If you ask any random six people in Ontario, I’d venture four of them would say they have a real problem with snakes. And not just a dislike, but a complete and utter fear of them, verging on hysteria. This is an unscientific belief, but as someone who’s had an interest in reptiles and amphibians most of my life, I know it’s not far off. Why this is the case is puzzling.
Biases of biblical proportion
It’s likely a complicated mix of instinct, superstition, and upbringing. The Bible story of Adam and Eve in the garden hinges on the first woman being tempted by a snake with an apple. We all know how that worked out. Not the most flattering start for snakes. Perhaps this deep human distrust of snakes goes back even further, to our earliest ancestors. Some snakes are poisonous, and it could be that just avoiding them all was a good survival strategy. The snake fear got hardwired.
Snakes often feature prominently in movies, and not usually in a positive way. Even our most swashbuckling heroes (Indiana Jones comes to mind) are scared of snakes.
Snakes and I go way back
For some reason, snakes have never scared me. My earliest childhood adventures included a fair bit of snake handling. This lack of fear meant I was sometimes called upon to remove snakes from camping and cottage areas.
During a childhood stay at my late grandfather’s deer camp on Manitoulin Island, several members of the extended Ellis clan were in attendance. I was instructed to remove all snakes from the vicinity, as a certain aunt was petrified by them. Of special concern were the water snakes that would make their way across the channel we swam and fished in.
I did my best to comply, and removed them any way I could. One of the snakes ended up swimming into a minnow trap and drowned. I remember feeling bad for it, but skinned it out and made a display on wood, which I own to this day. It was a beautiful animal.
Herptile collecting to gazing
Another childhood incident that has become family lore involves my pet garter snake. At about 14, I captured a garter snake during a herp-collecting trip north of Thunder Bay. Normally, I brought home frogs, tadpoles, or salamanders, but this day I arrived with a bag full of garter snake. I thought it was pretty and interesting. My mother, God bless her, was less enthralled, but, being the woman she is, allowed me to keep the snake in a five-gallon terrarium as long as the “lid was tight.”
All went well until one afternoon when my mother, carrying a basket of laundry up the stairs, was met by a tiny head with two beady eyes staring at her. Apparently the lid was not quite tight enough. That was the end of that snake’s captivity.
As a grown-up, my interactions with snakes have been fewer, but always interesting. I’ve been on canoe and fishing trips in the far north and have been amazed to find garter snakes sunning themselves on rocks, often in weather just barely above freezing. I’ve come across snakes swimming many kilometres from land, apparently doing just fine. Sadly, I’ve also seen a lot of snakes run over by vehicles on highways and bush roads. The snake is a cold-blooded reptile, and road surfaces gather heat. The collateral damage is huge.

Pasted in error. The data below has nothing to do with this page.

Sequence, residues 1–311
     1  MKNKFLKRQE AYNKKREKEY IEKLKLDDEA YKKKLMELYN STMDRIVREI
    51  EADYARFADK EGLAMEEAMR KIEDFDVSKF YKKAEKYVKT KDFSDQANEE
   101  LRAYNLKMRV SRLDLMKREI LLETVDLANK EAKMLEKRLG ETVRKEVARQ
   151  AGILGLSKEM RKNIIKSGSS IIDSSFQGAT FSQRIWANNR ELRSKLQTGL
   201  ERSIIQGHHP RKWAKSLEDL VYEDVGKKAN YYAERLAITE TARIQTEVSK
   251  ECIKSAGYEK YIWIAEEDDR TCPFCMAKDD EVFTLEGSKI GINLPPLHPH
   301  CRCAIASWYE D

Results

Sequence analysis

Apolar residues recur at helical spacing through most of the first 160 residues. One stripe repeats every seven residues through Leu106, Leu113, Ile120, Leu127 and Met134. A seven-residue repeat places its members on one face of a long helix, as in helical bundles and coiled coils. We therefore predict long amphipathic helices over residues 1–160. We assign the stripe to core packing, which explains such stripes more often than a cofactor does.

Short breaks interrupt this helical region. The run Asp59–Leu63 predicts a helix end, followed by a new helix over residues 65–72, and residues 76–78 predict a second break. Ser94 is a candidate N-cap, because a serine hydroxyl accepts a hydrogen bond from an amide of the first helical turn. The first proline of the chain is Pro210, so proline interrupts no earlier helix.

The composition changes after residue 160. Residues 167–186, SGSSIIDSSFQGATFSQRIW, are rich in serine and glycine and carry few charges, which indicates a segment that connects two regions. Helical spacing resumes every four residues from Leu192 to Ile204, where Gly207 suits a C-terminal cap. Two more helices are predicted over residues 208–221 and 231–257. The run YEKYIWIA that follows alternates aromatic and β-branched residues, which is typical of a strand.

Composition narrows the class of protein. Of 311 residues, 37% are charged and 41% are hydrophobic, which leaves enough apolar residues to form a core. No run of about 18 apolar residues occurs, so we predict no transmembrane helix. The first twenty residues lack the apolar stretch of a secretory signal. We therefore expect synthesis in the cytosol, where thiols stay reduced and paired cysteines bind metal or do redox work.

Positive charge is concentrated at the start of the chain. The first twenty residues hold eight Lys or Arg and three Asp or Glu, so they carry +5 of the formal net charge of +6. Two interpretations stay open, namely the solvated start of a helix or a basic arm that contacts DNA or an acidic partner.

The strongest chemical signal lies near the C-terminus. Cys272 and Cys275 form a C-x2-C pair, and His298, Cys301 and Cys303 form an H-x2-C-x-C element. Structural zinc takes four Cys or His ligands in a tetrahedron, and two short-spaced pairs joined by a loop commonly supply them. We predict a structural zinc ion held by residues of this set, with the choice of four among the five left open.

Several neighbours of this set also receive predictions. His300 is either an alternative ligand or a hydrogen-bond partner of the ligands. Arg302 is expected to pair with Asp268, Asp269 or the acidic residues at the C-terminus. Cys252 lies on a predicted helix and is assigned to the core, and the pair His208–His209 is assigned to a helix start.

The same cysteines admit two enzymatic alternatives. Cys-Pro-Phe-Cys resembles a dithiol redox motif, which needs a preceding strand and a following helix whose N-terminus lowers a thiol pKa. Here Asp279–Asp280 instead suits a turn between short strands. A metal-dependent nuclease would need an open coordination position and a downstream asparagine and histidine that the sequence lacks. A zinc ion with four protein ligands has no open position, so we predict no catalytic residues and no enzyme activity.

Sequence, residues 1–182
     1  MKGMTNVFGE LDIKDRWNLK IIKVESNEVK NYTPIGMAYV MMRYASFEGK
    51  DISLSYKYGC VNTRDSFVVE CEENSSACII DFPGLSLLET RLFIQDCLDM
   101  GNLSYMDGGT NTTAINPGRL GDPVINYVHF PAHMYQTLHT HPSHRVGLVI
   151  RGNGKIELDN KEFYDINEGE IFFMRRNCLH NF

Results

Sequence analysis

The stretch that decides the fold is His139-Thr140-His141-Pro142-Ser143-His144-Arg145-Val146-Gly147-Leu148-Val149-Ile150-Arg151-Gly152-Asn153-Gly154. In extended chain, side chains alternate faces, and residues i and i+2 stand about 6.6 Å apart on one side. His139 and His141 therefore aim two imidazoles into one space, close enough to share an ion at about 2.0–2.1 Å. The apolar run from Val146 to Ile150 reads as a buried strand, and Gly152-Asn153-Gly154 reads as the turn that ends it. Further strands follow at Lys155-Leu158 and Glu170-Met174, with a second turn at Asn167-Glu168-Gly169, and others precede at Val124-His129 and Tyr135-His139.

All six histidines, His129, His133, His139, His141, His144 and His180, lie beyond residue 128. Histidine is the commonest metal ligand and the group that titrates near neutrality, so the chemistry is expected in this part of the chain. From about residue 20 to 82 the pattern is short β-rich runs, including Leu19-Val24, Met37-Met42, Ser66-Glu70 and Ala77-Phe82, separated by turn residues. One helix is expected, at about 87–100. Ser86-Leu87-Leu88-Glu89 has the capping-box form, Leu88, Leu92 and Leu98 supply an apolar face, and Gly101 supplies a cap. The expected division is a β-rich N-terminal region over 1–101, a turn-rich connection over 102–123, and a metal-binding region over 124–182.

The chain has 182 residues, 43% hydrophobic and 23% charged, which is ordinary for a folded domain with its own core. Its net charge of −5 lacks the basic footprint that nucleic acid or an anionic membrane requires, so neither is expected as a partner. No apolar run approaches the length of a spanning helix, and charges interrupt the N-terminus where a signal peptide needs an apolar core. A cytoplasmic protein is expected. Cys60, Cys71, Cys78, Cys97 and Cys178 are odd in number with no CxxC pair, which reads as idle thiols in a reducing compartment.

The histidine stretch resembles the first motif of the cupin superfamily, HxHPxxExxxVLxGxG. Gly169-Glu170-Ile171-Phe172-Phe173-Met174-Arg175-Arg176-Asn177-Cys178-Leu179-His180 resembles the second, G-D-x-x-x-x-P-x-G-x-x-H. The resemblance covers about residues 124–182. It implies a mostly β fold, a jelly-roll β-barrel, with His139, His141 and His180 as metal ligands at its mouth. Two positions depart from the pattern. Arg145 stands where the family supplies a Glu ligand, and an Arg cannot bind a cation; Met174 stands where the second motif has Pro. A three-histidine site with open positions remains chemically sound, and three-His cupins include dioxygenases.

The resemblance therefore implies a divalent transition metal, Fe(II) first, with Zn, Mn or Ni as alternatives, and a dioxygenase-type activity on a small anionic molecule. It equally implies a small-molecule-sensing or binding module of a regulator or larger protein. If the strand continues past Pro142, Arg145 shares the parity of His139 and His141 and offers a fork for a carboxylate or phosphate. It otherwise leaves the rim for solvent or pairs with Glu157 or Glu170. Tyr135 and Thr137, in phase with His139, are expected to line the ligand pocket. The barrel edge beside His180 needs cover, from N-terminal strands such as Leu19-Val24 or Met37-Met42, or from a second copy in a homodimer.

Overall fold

Save a snake
Perhaps the most disturbing thing I’ve seen as an adult is the wanton killing of snakes for no other reason than that they’re snakes. Mass snake slaughters for what seems like someone’s amusement are especially revolting.
Snakes have not been given a lot of love in this culture, despite the many real positives they bring to the table.
Enter Matt Ellerbeck, a champion of snakes from southern Ontario. Ellerbeck is a herp lover who has concerns for reptiles and amphibians in Ontario, especially snakes. He has started what amounts to a one-man crusade called “Save all Snakes.”
“My big objective is to hopefully alleviate some of those negative attitudes toward these animals and I hope that will then lower the number of snakes that are directly killed by fearful individuals,” Ellerbeck said.
Local snake species
Ellerbeck noted there are four species of snakes in northwestern Ontario alone, ranging from the small garter snake to the much larger northern water snake I was instructed to wage war on all those years ago.
“(Water snakes) can get around four feet long, they are a very heavy-bodied snake …” said Ellerbeck, ”and a lot of people think they are dangerous, but they are not venomous.”
Ellerbeck said several species of snakes in Ontario are listed as species at risk, with habitat loss and road mortality increasing the chances of their extinction. For this reason, he wants to help get the word out that snakes are our friends, eating pests like mice and grasshoppers. He’s brought his grassroots campaign to schools and parks, where he hopes to reach younger people.
My hope for anyone reading this column is that they will consider the snake as a vibrant part of Ontario’s wilderness and not as an enemy. Ontario would be a sadder place without the exotic presence of snakes.
Originally published in the August 2019 issue of Ontario OUT of DOORS magazine.